The government's new plan to prevent homelessness is being described by service providers as a critical step towards ending the problem.
It is spending $54 million to help people with complex challenges like mental health, addiction and family violence stay in their tenancies.
The Downtown Community Ministry (DCM) has been part of a two-year trial helping people with complex problems stay in their homes.
This programme will expand from Auckland, Wellington and Christchurch to five other regions.
DCM's director Stephanie McIntyre said once people lose a tenancy it was tough to get back into housing.
"It's actually very difficult if the person has come right out of their tenancy, because then they may be faced with a very lengthy wait and it's enormously difficult to get them into private housing because they don't have the credit record or referees, so they're getting closed out of the private market by more affluent Kiwis," she said.
Another $31 million will be spent over four years for 67 intensive case managers and navigators to give a wrap around service for those needing extra help.
Christchurch City Missioner Matthew Mark said it was always a challenge when people need to engage with multiple agencies at any given time.
"If we can simplify that process, if we can reduce the number of people they're having to engage with and share their story with etc and have a person or a smaller of number of people more effectively leading and guiding, its going to be better on the individual or the family and I believe we will see better outcomes," he said.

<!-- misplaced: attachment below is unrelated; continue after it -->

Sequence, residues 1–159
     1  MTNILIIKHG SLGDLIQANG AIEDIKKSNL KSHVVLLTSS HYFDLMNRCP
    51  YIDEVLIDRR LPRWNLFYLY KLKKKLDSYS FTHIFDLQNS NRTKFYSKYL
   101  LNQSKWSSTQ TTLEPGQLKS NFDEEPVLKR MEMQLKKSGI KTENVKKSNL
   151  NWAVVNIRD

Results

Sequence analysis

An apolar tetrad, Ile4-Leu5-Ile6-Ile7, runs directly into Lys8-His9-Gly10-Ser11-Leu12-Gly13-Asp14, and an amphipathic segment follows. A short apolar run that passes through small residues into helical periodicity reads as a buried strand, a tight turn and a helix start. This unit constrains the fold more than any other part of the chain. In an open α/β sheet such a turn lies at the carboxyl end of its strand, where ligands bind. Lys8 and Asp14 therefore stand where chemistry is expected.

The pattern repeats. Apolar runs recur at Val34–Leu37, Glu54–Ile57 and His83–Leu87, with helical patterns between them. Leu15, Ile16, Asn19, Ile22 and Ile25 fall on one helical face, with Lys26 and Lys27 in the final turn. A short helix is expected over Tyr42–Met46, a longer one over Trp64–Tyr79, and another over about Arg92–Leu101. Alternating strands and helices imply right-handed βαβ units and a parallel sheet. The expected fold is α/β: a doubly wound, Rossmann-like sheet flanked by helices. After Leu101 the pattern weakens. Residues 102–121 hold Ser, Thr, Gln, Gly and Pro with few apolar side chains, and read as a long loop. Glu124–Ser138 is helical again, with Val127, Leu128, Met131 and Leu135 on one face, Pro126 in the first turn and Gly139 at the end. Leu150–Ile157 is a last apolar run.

Auckland City Missioner Chris Farrelly said homelessness was a complex problem with no single solution, but the new plan was a step in the right direction.
"This is hitting a particular component of it, it's not the all, but supporting people to stay in tenancies who are very vulnerable often very unwell with complex issues is critical if we are to actually end homelessness, he said.
But Mr Farrelly said the biggest issue was still the lack of affordable housing and the government needed to address housing supply.
"Unless you have houses, at the end of the day the inititives themselves will not work."
Associate Housing Minister Kris Faafoi said the government knew there was a problem.
"We're working on the supply problem in terms of 6400 public housing spaces over time, but until those are built or found, we need to make sure those people who are on the edge are looked after so they don't become part of the supply problem too, he said.
Social Development Minister Carmel Sepuloni said the $31m allocated for supporting for people who do end up in emergency accommodation was a necessary part of tackling homlessness.
"There's no silver bullet to this, it's going to take a range of initiatives to end the housing and homelessness issues that we face as a country.
"We're working hard to get those houses into place - in fact we've gone ahead of what our target was for the public housing build - but alongside that there has to be initiatives to support those with the complex issues that we've seen many present with."
Lifewise chief executive Moira Lawler's organisation works with homeless people and she told Morning Report the latest government spending seemed sound, but a nationwide strategy was needed.
"I think looking at a preventative approach is a really good idea.
"But these investment decisions really need to be made as part of an overall strategy, and that's what we're keen to see happen next."
The extra services will be phased in around the country from October this year.